Avocados often get a bad rap, but for the wrong reason - for being fat. It's about time we all got over this myth. We need healthy fats in our diet for a properly functioning brain and nervous system, a strong heart, glowing skin and, dare I say it, a fit and thin physique. Sure, nix the saturated fats fraught in animal meat, dairy and eggs when looking to slim down or reach a greater sense of well-being, but avocados are plant-based and thus on an entirely different playing field. Half an avocado has 15 grams of heart-healthy unsaturated fat and only 2 grams of saturated fat. This is fat your body not only can recognize but also likes. Avocados are packed with fiber, potassium, vitamins C, K, and B6 and folate. They aid in digestion and help in the absorption of lycopene and beta-carotene. Aside from its nutritional benefits, avocados are versatile in the kitchen. Their creaminess serves as the perfect base for made-vegan desserts, sauces and smoothies. A few Read More »from Vegan Avocado Alfredo Sauce
By Green Diva Meg
Or, 6 Reasons Why I want to be a Vegan
I never liked meat. Seriously as a kid, I used to gag on all the various meat products my mother tried to get me to eat. It was the late 60s and they all bought into the hype that we needed tons of meat protein to survive and she feared for my existence. I was a healthy kid, but I never did grow more than 5' tall . . . ?
When I discovered there was such a thing as a vegetarian, I grabbed onto the term with both hands and declared myself. Of course, I was a teenager and at the time it meant a lot of salad and french fries.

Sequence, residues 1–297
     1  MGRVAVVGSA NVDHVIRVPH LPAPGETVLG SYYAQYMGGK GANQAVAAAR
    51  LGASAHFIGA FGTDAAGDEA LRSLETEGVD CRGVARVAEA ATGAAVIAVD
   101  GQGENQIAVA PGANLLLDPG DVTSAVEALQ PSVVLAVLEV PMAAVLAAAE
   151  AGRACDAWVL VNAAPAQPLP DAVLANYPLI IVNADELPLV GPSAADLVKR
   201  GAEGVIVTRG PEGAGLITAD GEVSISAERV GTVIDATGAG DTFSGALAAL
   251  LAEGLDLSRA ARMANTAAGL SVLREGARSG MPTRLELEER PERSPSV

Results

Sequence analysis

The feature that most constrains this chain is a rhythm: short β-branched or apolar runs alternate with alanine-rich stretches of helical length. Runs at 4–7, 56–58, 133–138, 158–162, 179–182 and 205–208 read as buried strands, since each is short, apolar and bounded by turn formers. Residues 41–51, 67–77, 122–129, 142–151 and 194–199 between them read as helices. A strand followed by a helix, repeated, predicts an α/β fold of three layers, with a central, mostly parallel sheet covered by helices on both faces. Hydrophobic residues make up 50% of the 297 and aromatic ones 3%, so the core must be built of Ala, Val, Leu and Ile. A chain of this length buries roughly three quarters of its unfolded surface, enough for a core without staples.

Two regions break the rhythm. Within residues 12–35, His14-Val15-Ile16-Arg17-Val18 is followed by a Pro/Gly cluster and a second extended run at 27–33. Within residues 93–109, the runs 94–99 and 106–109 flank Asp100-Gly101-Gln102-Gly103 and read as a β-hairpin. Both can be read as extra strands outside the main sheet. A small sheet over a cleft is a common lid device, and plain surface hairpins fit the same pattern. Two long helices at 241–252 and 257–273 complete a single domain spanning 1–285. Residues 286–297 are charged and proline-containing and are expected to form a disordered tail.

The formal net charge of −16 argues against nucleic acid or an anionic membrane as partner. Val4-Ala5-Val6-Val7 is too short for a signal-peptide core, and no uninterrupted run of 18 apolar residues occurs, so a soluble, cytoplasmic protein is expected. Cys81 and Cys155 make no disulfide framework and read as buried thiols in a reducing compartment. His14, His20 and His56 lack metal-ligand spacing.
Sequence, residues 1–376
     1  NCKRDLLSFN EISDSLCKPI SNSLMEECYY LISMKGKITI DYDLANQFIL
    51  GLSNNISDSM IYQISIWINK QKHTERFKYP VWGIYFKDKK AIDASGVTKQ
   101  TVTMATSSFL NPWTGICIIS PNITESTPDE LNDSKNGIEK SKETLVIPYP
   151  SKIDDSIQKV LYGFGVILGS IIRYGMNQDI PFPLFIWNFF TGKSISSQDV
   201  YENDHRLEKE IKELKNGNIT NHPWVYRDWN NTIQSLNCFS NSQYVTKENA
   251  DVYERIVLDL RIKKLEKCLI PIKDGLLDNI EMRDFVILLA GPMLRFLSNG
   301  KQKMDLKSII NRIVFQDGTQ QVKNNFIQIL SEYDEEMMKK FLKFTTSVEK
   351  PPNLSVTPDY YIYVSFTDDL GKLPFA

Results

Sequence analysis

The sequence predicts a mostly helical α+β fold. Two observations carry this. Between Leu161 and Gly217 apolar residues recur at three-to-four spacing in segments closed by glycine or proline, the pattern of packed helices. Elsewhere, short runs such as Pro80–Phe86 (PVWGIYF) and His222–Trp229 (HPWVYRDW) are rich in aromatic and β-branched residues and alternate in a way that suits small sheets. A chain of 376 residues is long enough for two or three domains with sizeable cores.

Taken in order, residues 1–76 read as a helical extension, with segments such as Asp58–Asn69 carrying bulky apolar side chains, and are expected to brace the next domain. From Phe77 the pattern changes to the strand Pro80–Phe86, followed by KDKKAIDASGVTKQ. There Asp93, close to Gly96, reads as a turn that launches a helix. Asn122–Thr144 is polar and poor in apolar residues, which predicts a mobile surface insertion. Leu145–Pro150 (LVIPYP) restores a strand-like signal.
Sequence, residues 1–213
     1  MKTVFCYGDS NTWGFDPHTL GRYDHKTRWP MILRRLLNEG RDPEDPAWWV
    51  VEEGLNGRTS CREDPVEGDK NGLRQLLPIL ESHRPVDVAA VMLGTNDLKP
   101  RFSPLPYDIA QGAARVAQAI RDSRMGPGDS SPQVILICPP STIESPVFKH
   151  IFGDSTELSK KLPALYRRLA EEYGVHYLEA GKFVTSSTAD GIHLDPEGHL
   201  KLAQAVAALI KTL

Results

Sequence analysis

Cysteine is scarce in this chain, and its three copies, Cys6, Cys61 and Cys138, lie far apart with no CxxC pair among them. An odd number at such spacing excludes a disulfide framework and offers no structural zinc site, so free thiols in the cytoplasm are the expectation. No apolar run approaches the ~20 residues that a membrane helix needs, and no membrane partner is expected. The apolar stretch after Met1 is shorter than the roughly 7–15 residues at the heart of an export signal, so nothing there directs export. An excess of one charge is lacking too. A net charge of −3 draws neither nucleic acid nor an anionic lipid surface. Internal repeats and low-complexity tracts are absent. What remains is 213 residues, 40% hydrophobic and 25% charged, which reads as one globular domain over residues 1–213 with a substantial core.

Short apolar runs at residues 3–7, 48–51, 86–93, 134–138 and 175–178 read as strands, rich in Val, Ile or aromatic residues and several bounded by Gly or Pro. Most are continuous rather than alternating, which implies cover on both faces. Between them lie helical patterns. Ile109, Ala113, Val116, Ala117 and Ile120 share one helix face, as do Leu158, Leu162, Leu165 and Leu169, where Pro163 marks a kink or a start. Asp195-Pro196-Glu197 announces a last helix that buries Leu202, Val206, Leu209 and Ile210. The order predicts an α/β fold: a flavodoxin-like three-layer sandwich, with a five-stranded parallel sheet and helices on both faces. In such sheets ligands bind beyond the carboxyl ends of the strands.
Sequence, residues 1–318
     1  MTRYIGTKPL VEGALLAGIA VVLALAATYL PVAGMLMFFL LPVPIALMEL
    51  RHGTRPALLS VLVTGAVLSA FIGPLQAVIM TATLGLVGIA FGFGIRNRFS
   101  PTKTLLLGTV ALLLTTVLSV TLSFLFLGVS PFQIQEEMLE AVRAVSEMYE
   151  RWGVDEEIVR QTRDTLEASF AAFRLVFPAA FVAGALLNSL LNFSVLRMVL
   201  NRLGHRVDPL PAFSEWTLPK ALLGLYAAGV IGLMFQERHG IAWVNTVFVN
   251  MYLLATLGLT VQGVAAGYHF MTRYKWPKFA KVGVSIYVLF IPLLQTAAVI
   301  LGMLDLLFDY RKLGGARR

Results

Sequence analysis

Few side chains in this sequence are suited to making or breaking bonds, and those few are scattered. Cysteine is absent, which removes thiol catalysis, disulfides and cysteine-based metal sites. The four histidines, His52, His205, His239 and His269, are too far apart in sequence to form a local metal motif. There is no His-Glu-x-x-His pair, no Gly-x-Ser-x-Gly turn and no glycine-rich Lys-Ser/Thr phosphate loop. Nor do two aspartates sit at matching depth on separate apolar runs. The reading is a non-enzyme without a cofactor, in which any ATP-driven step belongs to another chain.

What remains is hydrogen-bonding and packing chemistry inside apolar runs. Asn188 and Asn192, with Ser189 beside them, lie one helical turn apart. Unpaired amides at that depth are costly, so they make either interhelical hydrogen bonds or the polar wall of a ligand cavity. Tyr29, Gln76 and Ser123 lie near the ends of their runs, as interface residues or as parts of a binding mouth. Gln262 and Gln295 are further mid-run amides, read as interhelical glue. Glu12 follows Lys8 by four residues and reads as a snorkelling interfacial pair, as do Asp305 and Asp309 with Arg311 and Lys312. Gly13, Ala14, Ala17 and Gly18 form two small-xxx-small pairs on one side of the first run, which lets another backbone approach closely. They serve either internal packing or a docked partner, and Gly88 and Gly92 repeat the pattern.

It wasn't till the early 80s when I moved to the Berkshires with my young babies and got involved in the food coop that I began to get a serious education in whole foods nutrition - back then we experimented with raw foods, of course macrobiotics and a variety ofRead More »from Confessions of a Vegan Wannabe
- ecomii.com | Green – Thu, May 10, 2012 5:53 PM EDT
By Green Diva Meg
Until I interviewed the Dark Ranger (aka Kevin Poe), I hadn't thought much about the seeming disappearance of the stars in the sky. I knew my suburban existence had something to do with not seeing as many stars as I remember as a kid, but I also figured I had romanticized that magical sparkly starry sky of my summer-camp days in the Berkshire mountains of Western Massachusetts. The other time I remember a fabulously star-filled sky was during a honeymoon trip to a pretty remote island - the tiki torches didn't seem to diminish the twinkling of that night sky much at all.
Light Pollution's Harmful Effects on Wildlife
Ecomii's Eco-Ideas for the Outdoors
Kevin (who I kept calling Ken during our first interview - Sorry Ken, I mean Kevin! Public apology #2), is a park ranger in Mt. Zion National Park and has made it somewhat of a life's mission to help illuminate (cute, right?) us about why we need to start paying attention to light pollution. Sometimes terms like Read More »from 8 Ways to Reduce Light Pollution & Keep the Stars Twinkling
- The_Stir | Green – Thu, May 10, 2012 2:47 PM EDT
moms talk about recyclingRecycling is one of the simplest things you can do to help the planet. But do you know there are some things you should never, ever recycle? And some you always should, no matter what?
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And most importantly, do you know the difference? What is accepted for recycling varies state to state and even community to community, which means you get to throw just about everything in the recycling bin while your BFF a few blocks away but in a different town might be able to recycle paper, maybe.